$

Retaliation in the Workplace

Fight Against Workplace Retaliation

There are a number of state and federal laws that help protect employees from discrimination and harassment in the workplace. What many employees may not be aware of is the fact that these laws also protect them from retaliation.

This essentially means that employers cannot punish or penalize workers for filing complaints about discrimination or harassment or participating in workplace investigations. In such cases “punishment” could include a variety of employment actions from being passed up for a promotion to facing a pay cut or being denied a raise or training opportunities.

Retaliation in the workplace is the most frequently alleged basis of discrimination in the workplace, according to the U.S. Equal Employment Opportunity Commission (EEOC).

For example, your employer cannot fire you or retaliate against you if you are engaged in the following types of protected activities:

  • You have filed a complaint with the EEOC or are a witness in a complaint, investigation or lawsuit.
  • You have been communicating with a supervisor or manager about employment discrimination and/or harassment.
  • You answered questions during an employer investigation of alleged harassment.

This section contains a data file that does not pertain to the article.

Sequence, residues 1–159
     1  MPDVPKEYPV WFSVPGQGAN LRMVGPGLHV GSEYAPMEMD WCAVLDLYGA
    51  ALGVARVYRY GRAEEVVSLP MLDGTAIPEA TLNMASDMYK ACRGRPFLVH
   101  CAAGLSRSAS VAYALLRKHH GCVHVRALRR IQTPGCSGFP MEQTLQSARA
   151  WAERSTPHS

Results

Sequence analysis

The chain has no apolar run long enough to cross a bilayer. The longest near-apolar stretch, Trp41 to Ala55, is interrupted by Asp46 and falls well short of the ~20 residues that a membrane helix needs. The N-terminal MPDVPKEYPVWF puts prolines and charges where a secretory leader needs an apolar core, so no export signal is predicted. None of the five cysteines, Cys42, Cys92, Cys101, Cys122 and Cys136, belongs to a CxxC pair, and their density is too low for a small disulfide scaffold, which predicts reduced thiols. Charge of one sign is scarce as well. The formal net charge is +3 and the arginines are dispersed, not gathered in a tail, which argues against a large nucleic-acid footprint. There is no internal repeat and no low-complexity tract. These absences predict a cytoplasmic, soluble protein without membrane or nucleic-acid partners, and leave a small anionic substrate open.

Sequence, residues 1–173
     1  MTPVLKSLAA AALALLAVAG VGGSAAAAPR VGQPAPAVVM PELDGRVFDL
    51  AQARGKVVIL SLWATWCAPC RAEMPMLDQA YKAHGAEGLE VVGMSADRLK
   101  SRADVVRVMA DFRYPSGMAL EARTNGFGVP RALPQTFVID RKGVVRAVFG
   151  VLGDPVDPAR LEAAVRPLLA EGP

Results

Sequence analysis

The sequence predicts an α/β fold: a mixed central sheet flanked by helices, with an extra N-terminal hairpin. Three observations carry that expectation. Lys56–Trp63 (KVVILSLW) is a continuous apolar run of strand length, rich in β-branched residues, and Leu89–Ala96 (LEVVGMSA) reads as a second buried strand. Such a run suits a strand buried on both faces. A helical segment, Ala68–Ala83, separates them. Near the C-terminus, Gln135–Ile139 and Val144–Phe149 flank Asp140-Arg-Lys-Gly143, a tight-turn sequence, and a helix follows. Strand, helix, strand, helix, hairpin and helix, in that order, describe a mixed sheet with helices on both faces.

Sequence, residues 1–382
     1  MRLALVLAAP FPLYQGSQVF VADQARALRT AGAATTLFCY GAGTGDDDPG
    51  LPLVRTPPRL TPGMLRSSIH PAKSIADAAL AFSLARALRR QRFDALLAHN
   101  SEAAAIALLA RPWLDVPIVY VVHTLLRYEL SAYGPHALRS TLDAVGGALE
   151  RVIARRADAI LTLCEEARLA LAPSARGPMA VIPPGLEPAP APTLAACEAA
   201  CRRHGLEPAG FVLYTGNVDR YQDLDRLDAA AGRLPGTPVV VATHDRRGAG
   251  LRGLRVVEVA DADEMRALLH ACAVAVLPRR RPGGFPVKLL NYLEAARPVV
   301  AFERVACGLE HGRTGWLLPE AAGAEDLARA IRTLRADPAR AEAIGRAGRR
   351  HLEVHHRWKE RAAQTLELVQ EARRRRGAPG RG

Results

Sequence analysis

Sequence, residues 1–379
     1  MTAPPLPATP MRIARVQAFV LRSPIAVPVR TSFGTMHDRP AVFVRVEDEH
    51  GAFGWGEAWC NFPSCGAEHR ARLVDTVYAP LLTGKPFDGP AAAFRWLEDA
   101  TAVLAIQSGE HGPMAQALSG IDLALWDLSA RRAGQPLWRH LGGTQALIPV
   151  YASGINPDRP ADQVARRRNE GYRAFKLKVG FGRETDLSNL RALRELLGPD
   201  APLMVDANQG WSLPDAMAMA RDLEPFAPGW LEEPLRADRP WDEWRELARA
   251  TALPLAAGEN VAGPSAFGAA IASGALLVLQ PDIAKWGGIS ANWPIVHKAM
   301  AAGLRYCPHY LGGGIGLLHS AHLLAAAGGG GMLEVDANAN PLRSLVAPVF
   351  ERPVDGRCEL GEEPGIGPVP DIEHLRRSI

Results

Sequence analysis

• You refused to follow orders that would result in discriminatory behavior.
  • You resisted sexual advances or stood up to protect a colleague from harassment.
  • You requested accommodation for a disability or to pursue a religious practice.
  • You asked managers or colleagues about salary information to uncover potentially discriminatory wages.
  • You complained about not getting proper meal or rest breaks.
  • You sought unpaid minimum or overtime wages.
  • You refused to work off-the-clock or without pay.

Under state and federal laws, your employer cannot punish you for asserting your rights. Employees who stand up against discrimination or harassment are protected from retaliation. However, it is a fact that retaliation still happens in U.S. workplaces. More than a third of the discrimination charges filed with the Equal Employment Opportunity Commission (EEOC) in the past few years include a retaliation claim.

If you believe that your employer is retaliating against you for engaging in legally protected activity, it is imperative that you contact an experienced workplace retaliation lawyer who will remain on your side, fight for your rights, and help ensure that your legal rights and best interests are protected.

For a free consultation and to learn more, talk to a Civil Justice attorney.